By the time “Bad Boys” landed back in 1995 the buddy-cop movie had been done and done again. Throughout the 80s and early 90s countless movies like “48 Hrs” and “Lethal Weapon” had plowed the all-too-familiar ground multiple times each. ￼The mixture of comedy and big action was a proven formula ￼but for many people it had started to wear a bit thin.
“Bad Boys” is the kind of movie you would expect to be Michael Bay’s feature film directorial debut. It’s loud, silly, fast-paced and driven by two high-energy actors. But you can tell the soon-to-be action genre stalwart was still cutting his teeth. Bay had yet to fully embrace the bombast and relentless fever-pitched style that has become his signature to this very day. That makes “Bad Boys” a bearable watch but barely.
Successful sitcoms had put both Will Smith (“The Fresh Prince of Bel Air”) and Martin Lawrence (“Martin”) on the edge of superstardom. “Bad Boys” was the movie that pushed them over, especially Smith who would make the blockbuster hit “Independence Day” the very next year. Here the pair show off a lively chemistry and they clearly have a good time improvising while navigating a script that is at times mind-numbingly bad.
Stealing from numerous movies that came before it, “Bad Boys” sets itself in Miami where two narcotics detectives, the antsy family man Marcus Burnett (Lawrence) and the trigger-happy playboy ￼Mike Lowrey (Smith), head the investigation into the theft of over $100 million worth of seized heroin from a local precinct. When Mike’s informant and former love interest is murdered by a French drug kingpin named Fouchet (Tchéky Karyo) the lone witness Julie (Téa Leoni) seeks out Mike for protection.
This leads to the biggest of several logic-defying storylines. After barely escaping with her life Julie calls the police station saying she’ll only speak to Mike who happens to be out. Marcus reluctantly poses as Mike to gain Julie’s trust but for some inexplicable reason continues the charade along with Mike for the majority of the movie. It’s a preposterous￼ plot device whose only purpose seems to be setting up a ton of mediocre gags. Never mind that it makes no sense.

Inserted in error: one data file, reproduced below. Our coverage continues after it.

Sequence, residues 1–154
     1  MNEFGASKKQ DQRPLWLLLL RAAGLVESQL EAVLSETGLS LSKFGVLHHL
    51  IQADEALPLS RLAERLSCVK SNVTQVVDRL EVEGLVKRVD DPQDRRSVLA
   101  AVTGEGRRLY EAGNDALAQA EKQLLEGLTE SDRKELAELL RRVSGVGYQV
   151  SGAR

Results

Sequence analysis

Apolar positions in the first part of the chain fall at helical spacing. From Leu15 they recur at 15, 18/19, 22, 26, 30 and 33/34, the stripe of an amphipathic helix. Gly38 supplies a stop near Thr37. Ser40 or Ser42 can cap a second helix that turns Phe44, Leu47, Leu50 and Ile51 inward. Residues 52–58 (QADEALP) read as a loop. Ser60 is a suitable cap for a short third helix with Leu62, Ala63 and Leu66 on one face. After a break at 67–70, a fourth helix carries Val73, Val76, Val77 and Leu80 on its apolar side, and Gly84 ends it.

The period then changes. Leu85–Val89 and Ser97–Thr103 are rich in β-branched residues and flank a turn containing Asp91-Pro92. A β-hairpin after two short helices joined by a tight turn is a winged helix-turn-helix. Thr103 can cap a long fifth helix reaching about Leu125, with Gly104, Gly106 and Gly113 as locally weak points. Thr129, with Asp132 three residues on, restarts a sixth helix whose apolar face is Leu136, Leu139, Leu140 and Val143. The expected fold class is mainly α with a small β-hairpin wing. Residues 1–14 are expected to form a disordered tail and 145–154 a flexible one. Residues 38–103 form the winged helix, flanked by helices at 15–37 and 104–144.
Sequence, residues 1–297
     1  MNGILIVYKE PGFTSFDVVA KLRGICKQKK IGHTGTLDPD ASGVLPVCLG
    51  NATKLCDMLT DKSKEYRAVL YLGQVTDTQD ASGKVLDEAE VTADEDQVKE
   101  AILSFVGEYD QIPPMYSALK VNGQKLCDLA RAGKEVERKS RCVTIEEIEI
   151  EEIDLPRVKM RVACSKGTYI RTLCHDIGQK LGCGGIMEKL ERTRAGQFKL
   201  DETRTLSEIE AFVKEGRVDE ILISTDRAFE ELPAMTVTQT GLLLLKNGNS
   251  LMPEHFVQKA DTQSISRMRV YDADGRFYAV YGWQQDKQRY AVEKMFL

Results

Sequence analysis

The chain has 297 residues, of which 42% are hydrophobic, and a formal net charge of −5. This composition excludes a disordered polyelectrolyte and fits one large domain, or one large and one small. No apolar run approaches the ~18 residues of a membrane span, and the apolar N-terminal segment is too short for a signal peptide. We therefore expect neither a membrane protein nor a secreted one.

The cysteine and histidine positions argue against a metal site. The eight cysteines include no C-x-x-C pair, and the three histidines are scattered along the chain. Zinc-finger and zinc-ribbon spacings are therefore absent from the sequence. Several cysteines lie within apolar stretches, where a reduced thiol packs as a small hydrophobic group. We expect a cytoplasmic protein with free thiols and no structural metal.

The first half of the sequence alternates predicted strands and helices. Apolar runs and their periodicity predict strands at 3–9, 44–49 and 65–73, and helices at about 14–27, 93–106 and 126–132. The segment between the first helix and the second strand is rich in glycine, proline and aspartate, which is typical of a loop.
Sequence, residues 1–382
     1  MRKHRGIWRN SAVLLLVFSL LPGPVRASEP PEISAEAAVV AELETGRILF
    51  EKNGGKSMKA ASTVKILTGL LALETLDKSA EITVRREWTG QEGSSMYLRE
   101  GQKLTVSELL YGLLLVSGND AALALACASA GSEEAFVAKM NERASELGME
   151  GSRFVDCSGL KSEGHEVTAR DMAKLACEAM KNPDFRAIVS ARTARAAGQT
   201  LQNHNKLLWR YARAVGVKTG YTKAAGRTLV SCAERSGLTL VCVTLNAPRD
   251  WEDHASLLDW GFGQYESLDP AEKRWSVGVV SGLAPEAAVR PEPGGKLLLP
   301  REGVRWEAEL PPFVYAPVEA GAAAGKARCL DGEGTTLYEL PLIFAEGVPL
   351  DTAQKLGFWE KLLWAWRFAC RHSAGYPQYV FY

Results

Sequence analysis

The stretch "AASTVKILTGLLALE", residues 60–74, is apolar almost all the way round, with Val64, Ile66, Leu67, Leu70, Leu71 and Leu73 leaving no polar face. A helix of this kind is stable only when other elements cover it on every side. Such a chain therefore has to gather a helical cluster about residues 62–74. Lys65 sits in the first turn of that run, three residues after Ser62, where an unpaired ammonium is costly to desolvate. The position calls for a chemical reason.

“Bad Boys” isn’t ashamed of employing overused character tropes from the dogged Internal Affairs officer (Marg Helgenberger) who thinks it’s an inside job to the hot-tempered police captain (Joe Pantoliano) who is constantly barking at Marcus and Mike. And when it isn’t rehashing many of the genre’s greatest hits, it’s bombarding the screen with bullets and banter. Honestly that isn’t a bad thing. It diverts our attention from many of the screenplay’s shortcomings. And while the banter gets old, the action offers some needed thrills.
There is no denying “Bad Boys” resonated with many people. It brought home almost $150 million (not bad for an R-rated movie 25 years ago) and spawned two sequels (eventually) while catapulting the careers of its two stars and director. Through a mixture of charisma and testosterone Smith and Lawrence manage a handful of chuckles and a couple of decent action scenes. But their shtick eventually runs its course and the film ended up testing my tolerance for persistent high-volume yelling and shallow, unoriginal storytelling.
VERDICT – 2 STARS